My earliest astronomy pictures were actually taken in 1968. I had an old Kodak Brownie camera that used 620 film. I had rigged the camera to allow me to keep the shutter open for as long as I wanted so I could take long exposures of the sky. The problem was that the lens was not interchangeable and was wide angle; however, I obtained just enough detail to whet my appetite for more.
I bought my first SLR 35mm camera while in high school in the early 1970s. Beginning with my 2.5-inch Jason-Empire refractor and continuing with my Criterion 6-inch Dynascope, I took many pictures of both the sun and Moon through the telescopes. Although the Criterion also had a clock-drive, I never shot pictures of anything else through it, but I did rig up a camera mount that allowed me to use the Criterion to guide the camera for wide shots of the sky. During the remainder of the 1970s and throughout the 1980s I used this set up to take pictures of comets and star fields. My camera lenses of choice were a 50mm, 135mm and 205mm.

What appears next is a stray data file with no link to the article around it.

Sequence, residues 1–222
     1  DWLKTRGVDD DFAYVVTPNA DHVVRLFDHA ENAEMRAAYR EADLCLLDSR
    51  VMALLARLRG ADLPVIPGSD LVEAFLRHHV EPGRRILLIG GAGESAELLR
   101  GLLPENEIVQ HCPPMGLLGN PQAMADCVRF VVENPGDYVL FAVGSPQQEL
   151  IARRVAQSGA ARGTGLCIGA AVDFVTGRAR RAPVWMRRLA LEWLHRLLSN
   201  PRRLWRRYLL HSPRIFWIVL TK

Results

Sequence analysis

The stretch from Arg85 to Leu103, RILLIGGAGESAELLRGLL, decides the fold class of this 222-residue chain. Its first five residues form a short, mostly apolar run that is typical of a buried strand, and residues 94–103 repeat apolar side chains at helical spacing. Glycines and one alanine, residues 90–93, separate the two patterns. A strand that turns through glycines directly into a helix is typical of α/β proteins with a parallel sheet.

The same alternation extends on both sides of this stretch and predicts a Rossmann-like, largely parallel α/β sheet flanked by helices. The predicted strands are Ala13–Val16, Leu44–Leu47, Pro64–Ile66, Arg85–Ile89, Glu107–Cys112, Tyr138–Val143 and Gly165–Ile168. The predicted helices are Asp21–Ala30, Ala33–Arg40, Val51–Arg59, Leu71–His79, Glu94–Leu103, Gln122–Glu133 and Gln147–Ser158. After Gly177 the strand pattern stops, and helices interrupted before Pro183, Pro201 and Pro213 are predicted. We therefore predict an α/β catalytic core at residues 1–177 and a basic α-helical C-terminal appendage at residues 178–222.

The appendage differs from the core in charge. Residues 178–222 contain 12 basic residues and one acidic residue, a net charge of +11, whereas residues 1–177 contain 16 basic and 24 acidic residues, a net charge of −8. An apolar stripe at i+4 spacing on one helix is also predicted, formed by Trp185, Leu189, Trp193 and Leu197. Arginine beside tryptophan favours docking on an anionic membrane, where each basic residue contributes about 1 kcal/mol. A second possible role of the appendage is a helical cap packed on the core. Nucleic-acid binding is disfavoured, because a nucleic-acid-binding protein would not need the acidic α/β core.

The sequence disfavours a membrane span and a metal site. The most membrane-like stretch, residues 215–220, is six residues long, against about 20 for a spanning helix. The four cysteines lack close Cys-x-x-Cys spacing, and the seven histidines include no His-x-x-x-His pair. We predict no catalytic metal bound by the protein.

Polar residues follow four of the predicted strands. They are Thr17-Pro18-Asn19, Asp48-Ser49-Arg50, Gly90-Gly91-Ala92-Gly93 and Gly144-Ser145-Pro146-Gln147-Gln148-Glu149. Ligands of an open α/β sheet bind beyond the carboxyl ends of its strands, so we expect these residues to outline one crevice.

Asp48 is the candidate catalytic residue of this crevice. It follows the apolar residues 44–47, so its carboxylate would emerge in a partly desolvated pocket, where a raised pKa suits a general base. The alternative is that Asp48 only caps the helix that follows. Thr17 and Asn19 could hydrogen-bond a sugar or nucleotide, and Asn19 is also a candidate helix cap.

During the early 1990s I bought a camera tracking mount by Vista Intrument Co., which allowed me to use a camera tripod and my cameras to take shots of the sky. The mount tracked very well for periods of up to 20 minutes. I used this setup and the same lenses I had used for the last 15 years or so to take pictures of comets Hyakutake and Hale-Bopp during the period of 1996 and 1997. Some of my pictures can be seen in the following categories: